Watch The Taming of the Shrew
- 2 hr 2 min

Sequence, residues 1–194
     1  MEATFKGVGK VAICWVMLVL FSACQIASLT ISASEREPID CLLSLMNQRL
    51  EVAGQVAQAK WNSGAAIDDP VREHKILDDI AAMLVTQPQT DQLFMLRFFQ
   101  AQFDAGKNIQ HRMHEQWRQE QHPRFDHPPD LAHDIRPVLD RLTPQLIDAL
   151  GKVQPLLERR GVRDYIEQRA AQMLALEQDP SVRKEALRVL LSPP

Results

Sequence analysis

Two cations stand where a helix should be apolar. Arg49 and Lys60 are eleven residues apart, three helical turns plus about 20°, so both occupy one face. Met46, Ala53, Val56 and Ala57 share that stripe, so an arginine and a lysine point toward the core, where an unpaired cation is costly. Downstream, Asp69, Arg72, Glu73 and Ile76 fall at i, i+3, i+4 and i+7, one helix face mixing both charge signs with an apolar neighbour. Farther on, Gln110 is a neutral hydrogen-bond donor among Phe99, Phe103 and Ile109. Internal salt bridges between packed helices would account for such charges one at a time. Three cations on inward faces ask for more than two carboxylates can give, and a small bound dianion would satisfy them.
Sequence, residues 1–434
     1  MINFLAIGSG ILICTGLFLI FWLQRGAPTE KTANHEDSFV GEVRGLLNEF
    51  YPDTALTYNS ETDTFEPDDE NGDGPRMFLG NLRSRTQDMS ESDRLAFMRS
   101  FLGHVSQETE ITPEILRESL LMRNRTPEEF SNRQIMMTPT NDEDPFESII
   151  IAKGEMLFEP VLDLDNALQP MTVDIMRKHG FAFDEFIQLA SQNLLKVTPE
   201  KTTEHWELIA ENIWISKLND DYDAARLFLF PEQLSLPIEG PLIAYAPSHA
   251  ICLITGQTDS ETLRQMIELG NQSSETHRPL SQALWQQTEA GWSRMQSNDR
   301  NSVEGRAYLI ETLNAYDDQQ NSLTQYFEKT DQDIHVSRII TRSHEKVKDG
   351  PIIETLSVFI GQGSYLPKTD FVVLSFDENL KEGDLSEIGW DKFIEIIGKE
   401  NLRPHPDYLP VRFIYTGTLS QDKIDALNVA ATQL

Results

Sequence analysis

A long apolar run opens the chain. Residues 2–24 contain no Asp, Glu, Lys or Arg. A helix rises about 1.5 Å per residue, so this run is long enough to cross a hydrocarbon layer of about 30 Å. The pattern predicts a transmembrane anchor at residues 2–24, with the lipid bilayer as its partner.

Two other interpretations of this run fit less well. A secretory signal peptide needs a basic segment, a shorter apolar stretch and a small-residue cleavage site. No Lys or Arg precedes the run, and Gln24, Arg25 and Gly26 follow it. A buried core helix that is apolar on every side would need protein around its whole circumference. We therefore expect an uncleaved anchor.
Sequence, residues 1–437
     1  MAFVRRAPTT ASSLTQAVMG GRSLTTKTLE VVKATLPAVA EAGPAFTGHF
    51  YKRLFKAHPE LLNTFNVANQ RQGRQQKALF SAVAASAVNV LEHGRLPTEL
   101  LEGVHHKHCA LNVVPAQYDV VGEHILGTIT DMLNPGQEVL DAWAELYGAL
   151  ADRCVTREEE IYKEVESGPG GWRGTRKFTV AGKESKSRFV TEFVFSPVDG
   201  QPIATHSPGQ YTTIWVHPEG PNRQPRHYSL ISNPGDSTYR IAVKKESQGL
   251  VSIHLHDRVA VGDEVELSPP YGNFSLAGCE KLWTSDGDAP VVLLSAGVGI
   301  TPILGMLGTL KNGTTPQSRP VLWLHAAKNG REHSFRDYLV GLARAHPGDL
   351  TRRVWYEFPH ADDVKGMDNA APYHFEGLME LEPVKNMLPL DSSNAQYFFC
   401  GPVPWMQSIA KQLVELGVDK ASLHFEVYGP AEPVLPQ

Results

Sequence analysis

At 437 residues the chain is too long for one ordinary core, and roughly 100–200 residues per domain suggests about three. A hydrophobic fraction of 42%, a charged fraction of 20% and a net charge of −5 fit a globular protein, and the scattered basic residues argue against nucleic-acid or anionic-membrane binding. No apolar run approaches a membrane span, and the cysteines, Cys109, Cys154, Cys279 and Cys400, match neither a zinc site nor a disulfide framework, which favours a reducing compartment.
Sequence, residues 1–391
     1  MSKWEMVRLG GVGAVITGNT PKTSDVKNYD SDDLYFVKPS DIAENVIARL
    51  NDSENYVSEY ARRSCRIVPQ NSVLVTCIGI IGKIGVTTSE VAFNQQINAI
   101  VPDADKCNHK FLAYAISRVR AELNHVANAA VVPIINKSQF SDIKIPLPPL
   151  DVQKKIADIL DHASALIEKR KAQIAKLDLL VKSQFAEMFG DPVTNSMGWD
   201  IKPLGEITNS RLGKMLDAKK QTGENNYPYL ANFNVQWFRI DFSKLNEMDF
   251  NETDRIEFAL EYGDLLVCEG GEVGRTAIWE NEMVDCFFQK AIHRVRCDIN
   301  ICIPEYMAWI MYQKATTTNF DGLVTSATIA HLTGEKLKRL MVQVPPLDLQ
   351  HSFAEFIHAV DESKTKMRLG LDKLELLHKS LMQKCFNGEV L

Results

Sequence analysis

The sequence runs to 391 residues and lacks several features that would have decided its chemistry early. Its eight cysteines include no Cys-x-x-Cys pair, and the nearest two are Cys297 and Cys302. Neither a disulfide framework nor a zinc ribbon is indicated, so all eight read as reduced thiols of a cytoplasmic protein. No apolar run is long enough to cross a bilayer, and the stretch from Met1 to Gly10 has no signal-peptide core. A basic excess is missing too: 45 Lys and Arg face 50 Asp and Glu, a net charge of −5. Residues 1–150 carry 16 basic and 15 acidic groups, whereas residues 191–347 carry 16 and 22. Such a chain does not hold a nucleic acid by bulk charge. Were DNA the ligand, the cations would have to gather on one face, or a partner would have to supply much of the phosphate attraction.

The Taming of the Shrew is a classic romantic comedy film from 1967, starring the legendary Elizabeth Taylor and Richard Burton in the lead roles. The film is based on the play of the same name by William Shakespeare, and is directed by Franco Zeffirelli. The story begins with an aristocratic man named Baptista Minola (Cyril Cusack) who has two daughters, Katherina (Elizabeth Taylor) and Bianca (Natasha Pyne). Katherina is known for her sharp tongue and abrasive personality, which has earned her a reputation as an uncontrollable shrew. Bianca, on the other hand, is sweet and gentle, and has many suitors vying for her hand in marriage. However, Baptista has declared that Bianca cannot marry until Katherina is wed, leaving Bianca's suitors in a bind. Enter Petruchio (Richard Burton), a brash and confident man who arrives in Padua seeking a wealthy wife. Petruchio takes up the challenge of taming Katherina, confident in his ability to do so. Despite Katherina's initial resistance, Petruchio persists, using a combination of wit, charm, and even cruelty to break her stubborn will. Eventually, Katherina submits to Petruchio's will, and the two fall in love. The film is an excellent adaptation of Shakespeare's play, and features wonderful performances by the entire cast. Elizabeth Taylor is particularly impressive as Katherina, bringing depth and complexity to a character that is often played as a one-dimensional shrew. Richard Burton's Petruchio is both charming and manipulative, making for a fascinating on-screen pairing with Taylor. The film's real strength lies in its witty and engaging dialogue. Shakespeare's language can be difficult for modern audiences to understand, but the talented cast and direction make it accessible and entertaining. The movie also boasts beautiful costume and set design, transporting viewers back to the Renaissance era in which it is set. One of the most memorable scenes in the film is the famous wedding feast, where Petruchio tests Katherina's obedience by denying her food and claiming that the food is too cold, too hot, too dry, or too moist. Katherina plays along with the game, and eventually convinces Petruchio that she will do his bidding in all things. The scene is both humorous and poignant, showcasing the growing bond between the two characters. Overall, The Taming of the Shrew is an excellent film that beautifully captures the wit, humor, and romance of Shakespeare's play. It is a must-see for fans of classic cinema and lovers of Shakespearean theater alike.